Two leaders of The Family Leader backing Santorum (audio)

This morning’s news conference revealed The Family Leader’s board of directors is remaining neutral in the GOP presidential race.  TFL’s president & CEO Bob Vander Plaats personally endorsed Rick Santorum, as did The Iowa Family Policy Center’s president Chuck Hurley.

“I urge every undecided Iowa Caucus goer to take a close look at Rick, to study the scriptures, to pray hard…for above all, we answer to God for our vote,” Hurley said.

Hurley mentioned a person close to The Family Leader who has said he would burn BVP in effigy if he didn’t endorse a different candidate.  Hurley refused, in Q&A with reporters, to say who that person was. 

“I’ve never seen a Caucus like this. People are going from one candidate to another in a 10 minute period…so a voice of endorsement may have an impact,” BVP said.

Both BVP & Hurley suggest one or two “pro-family” candidates should drop out and run “as a team” so a conservative “could quickly vaunt into first place and win the nomination.”

“It depends on the humble heart of the individuals,” Hurley said of the decision to drop out.

BVP said his endorsement & Hurley’s gives a  “stamp of credibility” to Santorum’s bid.

Listen to of AUDIO the 33-minute news conference.

“Caucus-goers are still looking for a leadership voice,” BVP said.

When asked what he’d say to Bachmann, Perry supporters, Hurley said you can win when you put other people ahead of yourselves. “It’s about the country. We’re going down the tubes…and it’s got to be about others and not ourselves,” Hurley said.  “….Not everybody can be president and because of the fracture of the caucus voter, this calls for a special humility.”

Occupiers don’t get to Occupy Obama HQ

The dozen or so Occupy Des Moines folks who had planned an “occupation” of President Obama’s Des Moines campaign headquarters found the doors closed on this December Saturday.  Read the group’s news release below: 

Occupy Des Moines and Veterans for Peace demonstrators declared victory Saturday morning when they arrived at President Obama’s campaign office in Des Moines – normally open for business on Saturdays – only to find it closed down with no volunteers or staff at the office.

“We shut Obama’s office down and no work by the campaign can be conducted today,” said Megan Felt, an Occupy Des Moines protester.  “We will maintain our picket outside Obama’s office all day and will greet Iowa CCI’s latino immigrant team when they arrive here at 2:30pm.”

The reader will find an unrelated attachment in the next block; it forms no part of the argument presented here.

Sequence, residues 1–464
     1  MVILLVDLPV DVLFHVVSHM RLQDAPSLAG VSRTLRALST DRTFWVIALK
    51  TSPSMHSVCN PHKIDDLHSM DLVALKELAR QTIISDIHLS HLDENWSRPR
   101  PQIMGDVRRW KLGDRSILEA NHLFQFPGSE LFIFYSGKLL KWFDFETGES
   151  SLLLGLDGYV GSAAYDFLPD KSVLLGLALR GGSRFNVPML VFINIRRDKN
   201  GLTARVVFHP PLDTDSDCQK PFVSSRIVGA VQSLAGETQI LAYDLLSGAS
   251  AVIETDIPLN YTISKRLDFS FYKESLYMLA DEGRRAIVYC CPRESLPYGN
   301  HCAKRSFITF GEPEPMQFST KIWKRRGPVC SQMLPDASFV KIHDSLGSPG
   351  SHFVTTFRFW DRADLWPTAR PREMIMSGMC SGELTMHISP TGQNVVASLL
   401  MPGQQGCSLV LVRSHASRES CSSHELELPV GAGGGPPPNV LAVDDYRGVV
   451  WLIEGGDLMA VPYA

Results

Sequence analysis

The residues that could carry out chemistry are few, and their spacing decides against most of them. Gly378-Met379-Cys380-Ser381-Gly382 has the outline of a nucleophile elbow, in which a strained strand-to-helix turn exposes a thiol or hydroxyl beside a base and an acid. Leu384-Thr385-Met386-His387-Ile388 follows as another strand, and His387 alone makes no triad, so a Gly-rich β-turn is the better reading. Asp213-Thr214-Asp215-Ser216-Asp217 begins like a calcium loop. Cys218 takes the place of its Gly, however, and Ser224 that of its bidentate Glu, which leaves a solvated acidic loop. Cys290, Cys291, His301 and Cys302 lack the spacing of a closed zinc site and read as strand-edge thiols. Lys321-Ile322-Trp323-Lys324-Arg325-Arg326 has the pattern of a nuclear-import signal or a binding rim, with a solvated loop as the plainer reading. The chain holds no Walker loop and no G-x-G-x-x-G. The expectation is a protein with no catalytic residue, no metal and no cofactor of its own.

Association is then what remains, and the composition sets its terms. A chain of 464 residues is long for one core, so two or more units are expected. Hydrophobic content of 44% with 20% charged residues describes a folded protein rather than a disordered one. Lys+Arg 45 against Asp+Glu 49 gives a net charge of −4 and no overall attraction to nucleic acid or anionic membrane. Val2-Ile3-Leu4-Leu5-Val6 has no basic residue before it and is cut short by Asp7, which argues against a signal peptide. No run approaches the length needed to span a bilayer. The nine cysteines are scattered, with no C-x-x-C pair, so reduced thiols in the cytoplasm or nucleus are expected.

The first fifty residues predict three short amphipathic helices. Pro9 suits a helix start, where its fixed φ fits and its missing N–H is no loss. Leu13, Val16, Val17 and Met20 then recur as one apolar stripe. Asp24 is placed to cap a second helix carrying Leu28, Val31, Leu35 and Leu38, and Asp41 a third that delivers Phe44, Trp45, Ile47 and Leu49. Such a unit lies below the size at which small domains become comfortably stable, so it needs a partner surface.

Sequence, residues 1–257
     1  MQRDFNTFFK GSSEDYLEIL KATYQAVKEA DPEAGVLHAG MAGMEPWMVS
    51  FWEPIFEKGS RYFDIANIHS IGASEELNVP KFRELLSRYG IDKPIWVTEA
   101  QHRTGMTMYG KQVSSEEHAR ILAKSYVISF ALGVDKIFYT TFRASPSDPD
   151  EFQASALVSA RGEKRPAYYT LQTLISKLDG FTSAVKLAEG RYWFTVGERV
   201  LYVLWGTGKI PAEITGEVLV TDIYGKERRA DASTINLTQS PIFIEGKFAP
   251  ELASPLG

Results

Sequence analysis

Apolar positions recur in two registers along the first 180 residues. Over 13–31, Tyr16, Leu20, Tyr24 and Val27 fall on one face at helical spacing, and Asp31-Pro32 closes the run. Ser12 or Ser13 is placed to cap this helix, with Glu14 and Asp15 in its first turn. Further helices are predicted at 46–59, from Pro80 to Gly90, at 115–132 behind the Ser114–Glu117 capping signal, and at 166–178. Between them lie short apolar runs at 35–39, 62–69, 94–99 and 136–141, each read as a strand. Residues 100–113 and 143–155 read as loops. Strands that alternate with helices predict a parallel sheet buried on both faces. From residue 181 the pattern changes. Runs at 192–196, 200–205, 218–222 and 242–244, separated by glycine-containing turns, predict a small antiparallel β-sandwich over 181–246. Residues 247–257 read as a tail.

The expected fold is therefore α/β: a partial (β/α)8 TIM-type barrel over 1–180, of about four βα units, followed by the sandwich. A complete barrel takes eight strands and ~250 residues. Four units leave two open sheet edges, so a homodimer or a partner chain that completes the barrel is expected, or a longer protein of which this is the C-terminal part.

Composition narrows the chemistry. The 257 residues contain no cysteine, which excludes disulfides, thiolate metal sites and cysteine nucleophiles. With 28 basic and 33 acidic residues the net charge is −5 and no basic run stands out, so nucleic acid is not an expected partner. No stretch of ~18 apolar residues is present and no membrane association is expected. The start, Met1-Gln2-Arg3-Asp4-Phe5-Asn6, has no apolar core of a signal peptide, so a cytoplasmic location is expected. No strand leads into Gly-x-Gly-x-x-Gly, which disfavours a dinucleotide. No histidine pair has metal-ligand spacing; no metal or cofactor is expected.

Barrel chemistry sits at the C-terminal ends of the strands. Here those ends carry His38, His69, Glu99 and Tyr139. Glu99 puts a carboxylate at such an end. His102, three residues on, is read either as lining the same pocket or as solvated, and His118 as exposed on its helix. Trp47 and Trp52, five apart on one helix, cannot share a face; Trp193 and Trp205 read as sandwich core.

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A native Iowan defends Iowa

Former Des Moines Register stand-out Kristen Scharnberg Hampton, an Iowa native, has penned a piece for The Columbia Journalism Review about The Atlantic piece University of Iowa professor Stephen Bloom wrote.

Gingrich seeks to dispel what he calls “wildly inaccurate” Freddie story

Newt Gingrich had a “tele” town hall this morning with Iowa voters and his opening statement included somewhat of a rebuttal to the slings and arrows he took in Thursday night’s debate over his $1.6 million in work for Freddie Mac, Romney’s  comments this a.m. in South Carolina and this Wall Street Journal editorial.  

“I just want to set the record straight. We had a company. The company had three different offices. We were paid annually for six years, so the numbers you see are six years of work. Most of that money went to pay for overhead, for staff, for other things that didn’t go directly to me. It went to the company which provided consulting advice & our advice included how do you help poor people earn the right to be in a house & to be a homeowner. I had spent years working with Habitat for Humanity. I believe deeply in trying to help people have the right to have a home. I think it’s a good part of being an American to own property and I’ve been very much in favor of property ownership which is also why I’m for the abolition of the death tax so that family farms aren’t forced to be sold because you can’t afford to pay the federal taxes when the parents die.

“In that setting, I also want to say I have never once advocated that people do something for Fannie or Freddie. I do not in any way work on influence, per se. I’m a public figure. I make public speeches. Everybody can go look at what I’ve said in public.  I actually suggested they needed more regulations & that’s actually in writing on their website,so you can go look @ it yourself. That’s an area where people have just said things that are wildly inaccurate and don’t reflect anything about how I’ve operated or what I’ve done.

“I want to be this open and this straight so everybody can see the record.”

At the conclusion of the call, Gingrich said:

“I’m inclined, because of the extraordinary negativity of the campaign, I’m including to every couple of days do  his kind of an ‘ask Newt’  conference call & jus tlet people have a chance to talk about ideas and encourage them to raise any of these things that you get in the mail that are junk and dishonest and I’ll be glad to personally answer so you’re hearing it from my very own lips. You’re not, you know, we don’t have our advertising versus their advertising, but you get to ask me directly.”

Bachmann says Paul’s foreign policy views “a total disqualifer” (AUDIO)

Republican presidential candidate Michele Bachmann just appeared on KSCJ (Keep Sioux City Jumpin’) Radio this morning.  She had a brief conversation with host Sam Clovis. Clovis was offering his critique of Paul’s foreign policy views, as expressed last night during the debate, and Bachmann said Paul’s views are a “total disqualifier” for the presidency.  Listen to the brief, 30-seconds-worth of AUDIO of that particular exchange. Here’s a partial transcript:

Clovis: “I couldn’t believe what I was hearing last night.”
Bachmann: “It was unbelievable…It’s a total disqualifier as far as I’m concerned…This is so off-base and this isn’t just one thing. This is all foreign policy. I could not disagree with Ron Paul more.”